Shifting societal and environmental conditions, including land-use change and increasing demand for resources, are accelerating biodiversity loss and ecosystem degradation (14). The associated loss of many important ecological processes (5, 6) can decrease the complexity and resilience of ecosystems by hampering their capacity to recover from perturbations (79). Although responses to the biodiversity crisis—especially the establishment of protected areas—have reduced biodiversity loss in some instances (1012), reports of ineffective protected areas (13) and ongoing declines of threatened species (14) indicate that conservation strategies must go beyond current efforts (15, 16).

A growing body of literature emphasizes the need for novel, process-oriented approaches to restoring ecosystems in our rapidly changing world (4, 1719). Dynamic and process-oriented approaches focus on the adaptive capacity of ecosystems (4) and the restoration of ecosystem processes promoting biodiversity, rather than aiming to maintain or restore particular ecosystem states characterized by predefined species compositions or particular bundles of ecosystem services. Such approaches recognize ecosystems as dynamic systems (20) whose future development cannot always be predicted (21, 22).

Rewilding is one such approach to restoration. This strategy aims to restore self-sustaining and complex ecosystems, with interlinked ecological processes that promote and support one another while minimizing or gradually reducing human interventions (2325). Rewilding also emphasizes the emotional experience and perception of wild nature and wild ecosystems without human intervention (26). Although conventional restoration projects often aim to minimize human intervention, many scientists and practitioners consider some level of management as critical to replace ecosystem processes that have been lost because of human activities or to maintain important aspects of cultural landscapes (27). Such management often focuses on selected processes via precisely defined actions targeting concrete goals [e.g., management of Satoyama landscapes in Japan (28)]. Rewilding, on the contrary, recognizes and works with complexity and autonomy as ecosystem-inherent characteristics and acknowledges their dynamic, unpredictable nature (29).

Despite the potential for rewilding to address pressing restoration challenges, critics have pointed out several shortcomings that have as yet hampered the application of rewilding principles. Criticism includes a lack of a consistent definition of rewilding (30) and insufficient knowledge about the possible outcomes of rewilding endeavors (31). In addition, concerns have been raised about rewilding activities being planned in a manner that excludes people from landscapes rather than being designed with local support (32).

Here, we articulate a conceptual framework for rewilding projects that addresses the aforementioned criticisms. We start by briefly reviewing the history of the rewilding concept, from its initial emphasis on protecting large connected areas for carnivore conservation (33) to the diversity of rewilding concepts today (25). We propose a framework to design and evaluate rewilding plans that integrates the current variety of rewilding approaches. Our framework draws on ecological theory to identify three interacting ecological processes that promote the self-organization of ecosystems and, therefore, should be the focus of rewilding actions. For each of these processes, we review ecological knowledge and identify rewilding actions that can assist the restoration of self-sustaining, resilient ecosystems (Fig. 1). Notably, these actions will vary depending on the societal context. Rewilding can occur spontaneously if humans withdraw from landscapes—for example, after agricultural abandonment (3436) or in areas that have become inhospitable as a result of armed conflict (3739) or environmental catastrophes such as the Chernobyl disaster (40, 41). In other cases, rewilding projects are driven by active choices about how societies want to experience nature (42) and the extent to which they can accept an autonomy of natural processes. In these cases, the feasibility of rewilding projects also depends on material, nonmaterial, and regulating contributions from nature (Fig. 2). We discuss how rewilding projects need to account for social-ecological dynamics by addressing people’s preferences as well as human effects on ecosystems. Finally, we apply our framework to a set of ongoing rewilding projects and illustrate how interactions among the key processes can be promoted to increase both ecosystem resilience and societal benefits.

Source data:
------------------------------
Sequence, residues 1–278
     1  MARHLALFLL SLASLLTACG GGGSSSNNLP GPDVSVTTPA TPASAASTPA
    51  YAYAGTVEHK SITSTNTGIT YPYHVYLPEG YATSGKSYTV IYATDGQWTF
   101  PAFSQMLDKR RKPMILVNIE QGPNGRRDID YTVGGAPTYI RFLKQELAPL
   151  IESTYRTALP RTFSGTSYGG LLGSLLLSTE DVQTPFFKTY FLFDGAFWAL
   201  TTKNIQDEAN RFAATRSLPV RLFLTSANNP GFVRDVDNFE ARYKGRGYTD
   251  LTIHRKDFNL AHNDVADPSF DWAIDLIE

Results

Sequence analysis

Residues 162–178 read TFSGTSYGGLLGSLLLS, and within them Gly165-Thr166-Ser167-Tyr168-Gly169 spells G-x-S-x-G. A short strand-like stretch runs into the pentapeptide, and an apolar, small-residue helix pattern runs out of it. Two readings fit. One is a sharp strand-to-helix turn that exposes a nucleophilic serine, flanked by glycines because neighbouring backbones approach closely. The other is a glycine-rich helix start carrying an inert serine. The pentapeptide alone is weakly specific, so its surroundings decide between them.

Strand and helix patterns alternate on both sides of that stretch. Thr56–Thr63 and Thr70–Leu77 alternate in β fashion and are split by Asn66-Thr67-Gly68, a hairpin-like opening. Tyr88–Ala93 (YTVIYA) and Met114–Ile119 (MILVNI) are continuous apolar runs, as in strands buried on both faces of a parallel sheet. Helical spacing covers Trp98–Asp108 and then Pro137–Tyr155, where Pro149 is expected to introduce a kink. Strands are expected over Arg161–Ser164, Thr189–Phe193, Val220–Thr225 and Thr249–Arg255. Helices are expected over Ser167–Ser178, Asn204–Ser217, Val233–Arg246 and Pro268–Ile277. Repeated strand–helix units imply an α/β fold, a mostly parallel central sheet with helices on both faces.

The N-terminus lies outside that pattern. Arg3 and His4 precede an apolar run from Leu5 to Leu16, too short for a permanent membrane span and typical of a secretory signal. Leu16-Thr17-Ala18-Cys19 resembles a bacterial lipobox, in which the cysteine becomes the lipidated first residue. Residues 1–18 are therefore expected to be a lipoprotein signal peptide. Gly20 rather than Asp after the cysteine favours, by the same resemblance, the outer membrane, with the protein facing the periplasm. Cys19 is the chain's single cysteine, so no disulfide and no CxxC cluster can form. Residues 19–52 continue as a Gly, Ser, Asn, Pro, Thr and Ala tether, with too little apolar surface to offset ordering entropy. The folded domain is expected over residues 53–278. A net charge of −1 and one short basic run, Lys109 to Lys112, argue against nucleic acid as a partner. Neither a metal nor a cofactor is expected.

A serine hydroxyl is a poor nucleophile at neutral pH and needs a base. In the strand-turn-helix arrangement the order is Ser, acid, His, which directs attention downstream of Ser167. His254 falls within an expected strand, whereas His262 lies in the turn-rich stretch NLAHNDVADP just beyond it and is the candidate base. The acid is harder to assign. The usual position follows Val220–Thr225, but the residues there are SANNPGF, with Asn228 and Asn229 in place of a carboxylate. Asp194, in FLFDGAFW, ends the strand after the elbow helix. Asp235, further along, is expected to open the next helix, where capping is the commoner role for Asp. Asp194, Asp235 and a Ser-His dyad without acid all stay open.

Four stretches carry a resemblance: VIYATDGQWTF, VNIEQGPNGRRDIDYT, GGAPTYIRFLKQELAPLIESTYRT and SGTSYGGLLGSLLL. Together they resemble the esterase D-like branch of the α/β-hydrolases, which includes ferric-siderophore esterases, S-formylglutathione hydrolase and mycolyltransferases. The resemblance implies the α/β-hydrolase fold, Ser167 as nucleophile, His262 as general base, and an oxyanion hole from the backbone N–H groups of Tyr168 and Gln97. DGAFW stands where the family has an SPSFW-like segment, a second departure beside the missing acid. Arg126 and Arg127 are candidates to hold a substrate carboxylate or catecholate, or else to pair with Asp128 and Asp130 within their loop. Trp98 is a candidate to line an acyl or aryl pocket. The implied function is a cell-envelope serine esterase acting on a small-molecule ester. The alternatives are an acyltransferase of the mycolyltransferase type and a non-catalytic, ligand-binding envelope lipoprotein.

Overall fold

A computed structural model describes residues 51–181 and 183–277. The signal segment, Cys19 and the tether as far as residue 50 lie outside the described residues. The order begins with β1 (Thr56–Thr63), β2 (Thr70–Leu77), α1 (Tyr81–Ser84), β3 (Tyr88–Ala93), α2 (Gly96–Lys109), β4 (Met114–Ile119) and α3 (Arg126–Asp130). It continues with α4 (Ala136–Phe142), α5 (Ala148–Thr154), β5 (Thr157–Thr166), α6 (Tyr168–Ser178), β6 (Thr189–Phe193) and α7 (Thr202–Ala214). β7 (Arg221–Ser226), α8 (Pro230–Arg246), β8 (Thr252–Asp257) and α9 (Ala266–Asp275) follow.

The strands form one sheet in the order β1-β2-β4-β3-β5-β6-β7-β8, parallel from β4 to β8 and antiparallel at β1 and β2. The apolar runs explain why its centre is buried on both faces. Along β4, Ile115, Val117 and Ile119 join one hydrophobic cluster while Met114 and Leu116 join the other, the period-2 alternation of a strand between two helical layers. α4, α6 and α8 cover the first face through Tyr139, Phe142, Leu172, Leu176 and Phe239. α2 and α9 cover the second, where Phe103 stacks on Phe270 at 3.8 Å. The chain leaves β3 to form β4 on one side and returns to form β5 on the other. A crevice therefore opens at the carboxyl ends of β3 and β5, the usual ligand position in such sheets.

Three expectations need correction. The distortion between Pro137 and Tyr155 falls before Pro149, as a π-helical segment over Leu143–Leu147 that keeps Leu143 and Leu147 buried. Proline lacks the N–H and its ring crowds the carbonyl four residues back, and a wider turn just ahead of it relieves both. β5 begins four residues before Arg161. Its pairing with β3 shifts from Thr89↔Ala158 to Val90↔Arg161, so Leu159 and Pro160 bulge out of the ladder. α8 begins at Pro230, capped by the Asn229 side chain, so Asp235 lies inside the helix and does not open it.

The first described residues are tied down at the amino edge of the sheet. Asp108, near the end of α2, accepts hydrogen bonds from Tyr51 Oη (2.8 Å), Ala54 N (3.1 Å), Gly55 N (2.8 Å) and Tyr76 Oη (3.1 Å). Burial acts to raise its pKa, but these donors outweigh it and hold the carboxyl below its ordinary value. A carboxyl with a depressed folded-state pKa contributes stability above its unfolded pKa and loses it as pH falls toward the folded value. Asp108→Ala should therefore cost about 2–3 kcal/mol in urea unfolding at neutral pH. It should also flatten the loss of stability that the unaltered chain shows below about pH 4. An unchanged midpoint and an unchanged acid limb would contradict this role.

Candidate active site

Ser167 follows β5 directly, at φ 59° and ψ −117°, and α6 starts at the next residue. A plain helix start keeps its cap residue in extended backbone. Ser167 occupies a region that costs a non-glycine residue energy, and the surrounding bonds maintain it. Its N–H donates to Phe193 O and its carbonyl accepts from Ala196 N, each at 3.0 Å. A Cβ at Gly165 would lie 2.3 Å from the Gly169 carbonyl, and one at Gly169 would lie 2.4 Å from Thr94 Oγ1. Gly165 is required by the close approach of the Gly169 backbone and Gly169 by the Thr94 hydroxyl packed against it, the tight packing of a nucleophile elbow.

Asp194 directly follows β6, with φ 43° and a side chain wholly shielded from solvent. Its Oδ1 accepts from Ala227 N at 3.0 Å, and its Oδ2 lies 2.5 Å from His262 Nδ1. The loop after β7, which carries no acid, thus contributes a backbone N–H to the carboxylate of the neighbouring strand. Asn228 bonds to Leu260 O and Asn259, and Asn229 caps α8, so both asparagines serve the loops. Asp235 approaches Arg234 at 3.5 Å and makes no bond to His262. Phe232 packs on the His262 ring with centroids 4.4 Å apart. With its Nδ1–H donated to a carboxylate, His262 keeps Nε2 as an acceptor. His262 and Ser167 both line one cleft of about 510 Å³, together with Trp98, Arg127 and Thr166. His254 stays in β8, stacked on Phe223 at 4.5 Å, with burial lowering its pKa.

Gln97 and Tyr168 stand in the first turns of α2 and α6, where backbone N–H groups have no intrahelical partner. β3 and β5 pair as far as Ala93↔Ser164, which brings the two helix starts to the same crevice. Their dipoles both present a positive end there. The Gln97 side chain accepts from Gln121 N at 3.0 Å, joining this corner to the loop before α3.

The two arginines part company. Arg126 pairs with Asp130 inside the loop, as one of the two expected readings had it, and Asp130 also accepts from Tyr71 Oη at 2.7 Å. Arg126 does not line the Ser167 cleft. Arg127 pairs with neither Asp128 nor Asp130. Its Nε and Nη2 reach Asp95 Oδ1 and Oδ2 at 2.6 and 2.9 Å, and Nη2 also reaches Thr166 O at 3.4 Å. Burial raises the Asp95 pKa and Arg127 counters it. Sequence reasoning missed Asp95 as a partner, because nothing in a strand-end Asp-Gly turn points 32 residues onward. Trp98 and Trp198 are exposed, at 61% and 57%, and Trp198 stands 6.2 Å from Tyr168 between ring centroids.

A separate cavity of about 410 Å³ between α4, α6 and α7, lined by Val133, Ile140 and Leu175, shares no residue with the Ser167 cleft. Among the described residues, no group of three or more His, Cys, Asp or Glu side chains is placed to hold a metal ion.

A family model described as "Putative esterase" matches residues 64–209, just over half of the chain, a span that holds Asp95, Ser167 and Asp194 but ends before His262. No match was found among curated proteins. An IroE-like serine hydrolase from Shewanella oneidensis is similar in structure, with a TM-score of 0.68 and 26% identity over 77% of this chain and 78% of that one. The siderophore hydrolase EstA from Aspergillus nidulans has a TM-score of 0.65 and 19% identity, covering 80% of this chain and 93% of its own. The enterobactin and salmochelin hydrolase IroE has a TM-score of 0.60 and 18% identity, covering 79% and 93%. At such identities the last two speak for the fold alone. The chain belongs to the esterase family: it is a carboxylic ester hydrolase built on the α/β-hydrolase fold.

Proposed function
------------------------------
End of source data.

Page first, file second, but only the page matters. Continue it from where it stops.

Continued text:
Fig. 1 Promoting interactions among ecosystem processes enhances resilience of rewilding areas.

(A) Intensively managed areas are often characterized by decreased trophic complexity. Dispersal barriers between ecosystems impede the movement of individuals, particularly at higher trophic levels. Natural disturbances are often suppressed or altered in magnitude and frequency, potentially leading to even larger disturbance events. Impoverished trophic networks, dispersal barriers, and deterministic disturbances can hamper recovery of depressed populations (open nodes in the trophic webs) after major disturbance events. (B) Rewilded areas have restored complex trophic webs, with functional roles for top predators (red nodes), herbivores (yellow nodes), and primary producers (blue nodes). Improved connectivity among habitats allows for dispersal of species at all trophic levels. Frequent disturbance events occur in the landscape. Dispersal among habitats aids recovery of ecosystems after disturbance events by allowing recolonization and population recovery of affected species. Large vertebrates in complex ecosystems often act as dispersal agents for plants and can introduce stochasticity into a system, e.g., through predation or grazing.